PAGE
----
Bersih 2.0 is urging 100,000 Selangor voters to sign up as objectors to defeat the Election Commission’s (EC) controversial redelineation which the electoral reform group alleges is an unlawful exercise.
- EC accused of gerrymandering
- Redelineation favouring BN
Speaking at a press conference at Bersih’s headquarters at 8 Avenue Business Centre, Bersih chairman Maria Chin Abdullah said the group was concerned with the Second Display of the redelineation boundaries in Selangor released by the EC last Monday, which had reverted roughly to the same boundaries used in 2013.
“While the second display of the proposed redelineation within Selangor has reverted to more or less the same boundaries that used to be in 2013, this does not mean that the current constituencies at both the state and Parliament seats are exempt of malapportionment or gerrymandering.
“We are calling concerned voters to sign up as objectors to the Second Display of the proposed redelineation boundaries in Selangor with immediate urgency.
“Bersih’s call for the 100,000 objectors is a show of rakyat’s protest against the continuation of unconstitutional redelineation.
“It is the duty and right of the voters to protect and ensure that the strength of a vote is equally represented across Malaysia,” Maria said.
She revealed that procedures require one spokesperson and at least 100 signatures to endorse each objection, saying her group is aiming to collect these from 100,000 people.
She added that voters could support the move by signing up to be objectors, helping to collect the needed signatures or volunteer as community representatives.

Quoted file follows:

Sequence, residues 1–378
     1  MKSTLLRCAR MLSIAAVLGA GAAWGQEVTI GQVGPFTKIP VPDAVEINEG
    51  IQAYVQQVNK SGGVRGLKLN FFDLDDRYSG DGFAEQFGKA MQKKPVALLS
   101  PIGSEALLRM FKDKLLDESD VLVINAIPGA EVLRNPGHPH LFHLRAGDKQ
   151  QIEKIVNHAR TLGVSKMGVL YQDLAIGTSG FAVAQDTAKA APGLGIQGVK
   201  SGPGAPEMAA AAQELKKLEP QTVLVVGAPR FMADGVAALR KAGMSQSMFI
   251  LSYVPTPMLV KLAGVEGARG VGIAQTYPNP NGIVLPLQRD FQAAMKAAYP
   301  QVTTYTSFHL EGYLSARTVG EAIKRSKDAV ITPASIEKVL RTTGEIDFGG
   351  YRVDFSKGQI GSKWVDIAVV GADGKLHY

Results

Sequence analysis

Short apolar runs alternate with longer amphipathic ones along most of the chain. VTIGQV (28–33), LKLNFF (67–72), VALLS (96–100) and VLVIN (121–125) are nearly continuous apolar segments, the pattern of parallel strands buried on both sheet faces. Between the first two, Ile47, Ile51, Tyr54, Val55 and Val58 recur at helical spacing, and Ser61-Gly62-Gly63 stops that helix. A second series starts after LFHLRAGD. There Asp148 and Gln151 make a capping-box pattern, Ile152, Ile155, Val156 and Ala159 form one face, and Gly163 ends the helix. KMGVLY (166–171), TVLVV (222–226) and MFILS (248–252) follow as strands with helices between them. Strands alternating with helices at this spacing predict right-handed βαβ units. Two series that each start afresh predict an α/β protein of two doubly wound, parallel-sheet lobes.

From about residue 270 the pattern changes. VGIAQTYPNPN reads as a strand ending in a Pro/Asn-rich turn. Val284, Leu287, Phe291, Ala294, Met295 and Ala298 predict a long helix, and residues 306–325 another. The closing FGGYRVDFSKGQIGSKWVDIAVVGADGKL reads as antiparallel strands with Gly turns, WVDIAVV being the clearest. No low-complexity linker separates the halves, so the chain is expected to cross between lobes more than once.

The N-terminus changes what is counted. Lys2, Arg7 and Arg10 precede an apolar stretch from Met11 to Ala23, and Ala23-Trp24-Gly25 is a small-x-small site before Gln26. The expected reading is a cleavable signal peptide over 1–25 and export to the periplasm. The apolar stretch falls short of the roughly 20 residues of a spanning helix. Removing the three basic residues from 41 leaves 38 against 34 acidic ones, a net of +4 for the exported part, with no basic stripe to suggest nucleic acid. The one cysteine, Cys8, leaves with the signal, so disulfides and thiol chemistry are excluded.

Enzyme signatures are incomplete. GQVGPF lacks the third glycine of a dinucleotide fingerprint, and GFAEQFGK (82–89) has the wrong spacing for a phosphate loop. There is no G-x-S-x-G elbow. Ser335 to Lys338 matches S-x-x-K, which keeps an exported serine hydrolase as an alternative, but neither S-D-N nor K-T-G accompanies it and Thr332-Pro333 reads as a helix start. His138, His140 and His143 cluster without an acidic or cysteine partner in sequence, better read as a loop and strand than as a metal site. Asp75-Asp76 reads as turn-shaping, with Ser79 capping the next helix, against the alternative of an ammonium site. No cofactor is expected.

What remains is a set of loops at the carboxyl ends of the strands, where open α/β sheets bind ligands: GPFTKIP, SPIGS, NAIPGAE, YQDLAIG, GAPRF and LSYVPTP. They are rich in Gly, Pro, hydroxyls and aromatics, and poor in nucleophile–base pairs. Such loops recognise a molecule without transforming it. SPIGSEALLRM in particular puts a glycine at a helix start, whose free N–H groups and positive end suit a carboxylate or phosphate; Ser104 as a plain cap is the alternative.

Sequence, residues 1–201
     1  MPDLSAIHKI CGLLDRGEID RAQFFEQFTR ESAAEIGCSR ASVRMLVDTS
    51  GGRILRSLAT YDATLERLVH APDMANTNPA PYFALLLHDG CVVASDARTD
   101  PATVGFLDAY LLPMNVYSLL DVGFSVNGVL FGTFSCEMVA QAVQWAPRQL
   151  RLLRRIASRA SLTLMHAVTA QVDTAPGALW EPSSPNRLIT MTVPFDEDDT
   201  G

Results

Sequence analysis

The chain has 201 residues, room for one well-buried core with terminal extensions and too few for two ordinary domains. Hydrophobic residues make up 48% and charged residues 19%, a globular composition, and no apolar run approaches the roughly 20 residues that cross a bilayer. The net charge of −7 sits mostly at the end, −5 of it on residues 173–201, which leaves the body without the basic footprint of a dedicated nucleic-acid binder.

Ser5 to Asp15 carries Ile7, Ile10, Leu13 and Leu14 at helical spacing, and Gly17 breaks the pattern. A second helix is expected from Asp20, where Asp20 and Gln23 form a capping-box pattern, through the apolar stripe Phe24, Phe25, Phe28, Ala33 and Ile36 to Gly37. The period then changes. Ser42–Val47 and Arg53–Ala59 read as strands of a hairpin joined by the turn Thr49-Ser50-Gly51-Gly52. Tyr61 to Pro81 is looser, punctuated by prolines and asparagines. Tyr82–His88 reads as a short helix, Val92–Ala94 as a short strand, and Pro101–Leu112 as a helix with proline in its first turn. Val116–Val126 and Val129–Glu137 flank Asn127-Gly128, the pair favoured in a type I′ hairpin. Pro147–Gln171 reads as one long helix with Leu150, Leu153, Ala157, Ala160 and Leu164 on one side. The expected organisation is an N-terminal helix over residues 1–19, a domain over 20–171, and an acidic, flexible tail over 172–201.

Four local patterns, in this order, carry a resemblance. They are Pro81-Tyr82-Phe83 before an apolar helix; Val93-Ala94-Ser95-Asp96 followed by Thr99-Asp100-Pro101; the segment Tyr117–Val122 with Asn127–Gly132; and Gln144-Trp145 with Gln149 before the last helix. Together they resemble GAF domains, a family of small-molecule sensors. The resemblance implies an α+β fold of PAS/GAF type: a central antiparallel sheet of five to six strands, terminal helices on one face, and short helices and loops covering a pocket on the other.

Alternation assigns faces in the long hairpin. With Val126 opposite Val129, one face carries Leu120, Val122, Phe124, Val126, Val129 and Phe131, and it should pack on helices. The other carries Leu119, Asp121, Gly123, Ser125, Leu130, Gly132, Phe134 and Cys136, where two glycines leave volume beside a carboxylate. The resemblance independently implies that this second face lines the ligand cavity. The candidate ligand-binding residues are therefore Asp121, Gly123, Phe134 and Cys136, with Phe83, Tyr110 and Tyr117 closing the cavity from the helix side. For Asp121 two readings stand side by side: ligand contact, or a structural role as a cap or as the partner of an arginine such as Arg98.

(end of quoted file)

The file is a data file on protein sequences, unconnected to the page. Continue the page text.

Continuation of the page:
Maria said Bersih has identified 12 locations within Selangor, which can be found at dart.bersih.org/pusatbantahan, that will serve as objection collection centres.
The last day to submit objections is Feb 14, after which the EC will launch inquiries to discuss the concerns stated in the objections.
“The final report will then be sent to the Prime Minister who will then table it in Parliament for adoption,” Maria added.
Bersih and various lawmakers have accused the EC of gerrymandering, which is the forming of electoral boundaries for the purpose of providing an advantage to a specific political party.
In this case, the claim is that the redelineation will favour the ruling Barisan Nasional in general and Umno, its lynchpin, in particular.
Meanwhile, Penang Institute’s Wong Chin Huat said there was a risk that the Selangor government might fall to Barisan Nasional under the proposed redelineation.
He added that the risk was even greater when coupled with other factors, such as low voter turnout and multi-cornered fights.
Wong said he foresees that under such conditions, the ruling coalition might receive an additional 15 parliament seats to regain the two-thirds majority in Dewan Rakyat.
“This will give them a free hand to add seats and trigger another round of delineation,” he said.
The new proposed changes in electoral boundaries will affect five parliamentary constituencies instead of 18 in a previous proposal.
The affected constituencies are Ampang, Kuala Selangor, Gombak, Pandan and Tanjong Karang.
Four affected state seats are Batu Caves, which will be renamed Sungai Tua, Bangi (Sungai Ramal), Chempaka (Pandan Indah) and Teluk Datuk (Banting).